We have a great community of amazing playwrights here at Theatrefolk that contribute to our collection of middle and high school plays. We hope you’ll enjoy this peek behind the curtain as they share how they approach the creative process, how they overcome challenges, and what advice they have for young playwrights. Don’t forget to check out their work!
Almost all the plays I write have either direct address to the audience, or the audience is enlisted as part of the play – for example, the audience becomes a game show crowd in Hamlette, and in Postcards From Shakespeare I use the audience for Timon of Athens (because the only other Timon joke I could think of was “who?”)
Two–and this will sound terribly crass–money. Specifically, money that I work for once by writing the play and then see a trickle of royalties for years. I know artists are supposed to be doing it for the art and not talking about filthy lucre, but this is my job. And I’m good at it because it’s my job–because I am able to spend all my time on it. And I couldn’t do that if I was squeezing out ten minutes here and there. That’s not to say people can’t write part-time–there are a ton of amazing playwrights who also teach, or perform, or direct, or have all sorts of non-theatre jobs, but I’m really bad at time management so I need a lot of it.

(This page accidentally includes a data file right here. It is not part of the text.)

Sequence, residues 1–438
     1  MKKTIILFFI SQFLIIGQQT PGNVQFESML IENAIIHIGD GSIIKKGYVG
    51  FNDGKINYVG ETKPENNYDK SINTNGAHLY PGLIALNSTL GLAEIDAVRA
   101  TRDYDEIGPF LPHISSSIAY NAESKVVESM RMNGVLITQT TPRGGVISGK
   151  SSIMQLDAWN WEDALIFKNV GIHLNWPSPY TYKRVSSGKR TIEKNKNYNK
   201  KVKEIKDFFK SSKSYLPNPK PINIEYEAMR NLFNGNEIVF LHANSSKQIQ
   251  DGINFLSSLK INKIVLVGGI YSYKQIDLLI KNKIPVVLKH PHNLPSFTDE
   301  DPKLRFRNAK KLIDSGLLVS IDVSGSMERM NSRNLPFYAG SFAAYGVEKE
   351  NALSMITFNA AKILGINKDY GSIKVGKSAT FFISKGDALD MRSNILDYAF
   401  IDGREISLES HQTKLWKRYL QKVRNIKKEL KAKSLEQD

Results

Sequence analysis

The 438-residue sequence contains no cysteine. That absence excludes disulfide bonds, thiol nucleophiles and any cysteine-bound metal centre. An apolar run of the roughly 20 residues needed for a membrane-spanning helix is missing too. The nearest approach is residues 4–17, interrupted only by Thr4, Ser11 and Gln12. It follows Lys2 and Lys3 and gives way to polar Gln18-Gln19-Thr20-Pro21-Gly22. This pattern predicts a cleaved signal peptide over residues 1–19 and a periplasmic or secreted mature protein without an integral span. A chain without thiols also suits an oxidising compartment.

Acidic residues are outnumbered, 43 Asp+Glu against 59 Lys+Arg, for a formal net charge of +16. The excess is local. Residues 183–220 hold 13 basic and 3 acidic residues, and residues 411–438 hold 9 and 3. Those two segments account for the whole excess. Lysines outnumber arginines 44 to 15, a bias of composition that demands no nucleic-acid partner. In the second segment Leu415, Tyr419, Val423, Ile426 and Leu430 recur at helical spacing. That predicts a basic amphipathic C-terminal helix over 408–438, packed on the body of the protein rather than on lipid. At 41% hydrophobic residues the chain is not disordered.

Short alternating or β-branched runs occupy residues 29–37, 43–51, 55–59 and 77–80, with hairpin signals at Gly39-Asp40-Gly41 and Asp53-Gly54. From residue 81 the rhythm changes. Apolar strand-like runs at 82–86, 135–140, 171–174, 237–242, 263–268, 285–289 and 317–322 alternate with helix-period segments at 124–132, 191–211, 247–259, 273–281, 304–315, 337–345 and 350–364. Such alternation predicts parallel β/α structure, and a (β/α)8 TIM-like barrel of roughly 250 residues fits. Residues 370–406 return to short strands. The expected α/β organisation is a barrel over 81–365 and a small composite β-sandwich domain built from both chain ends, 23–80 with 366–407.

I’d also say ‘getting started.’ In some ways I’m very open about my work–I approve 90% of script change requests, I love cross-casting, I love seeing people be creative. I don’t even mind terrible reviews that much. But at the beginning of the process, one tiny little thing can throw me off–Like, I have a play about online interaction that I’m 15 pages in, which is halfway for a competition script, and I mentioned the idea to someone who said “Oh, well, that may not be timely in a year, because technology changes so much,” and even though they weren’t trying to be mean, it was someone I love and respect and it was like they stepped on my little flower sprout. I don’t know why I’m so dainty at the beginning–honestly, it’s easier to take “sorry, we don’t want your finished script” than to have the idea criticized at the beginning, even in a well-meaning way. At that stage of the process, all I want is reinforcement. Maybe it will suck, but let me write it and find out.
The editing thing is much easier to deal with. I’m an editor myself of mostly fiction, and it’s a genuine pleasure to help authors improve their work, so I can really see the other side and the motivation. Plus, it’s happened enough now that I’m comfortable with the notes-sulking-rewriting process.
Read sample pages from Allison Williams's plays here!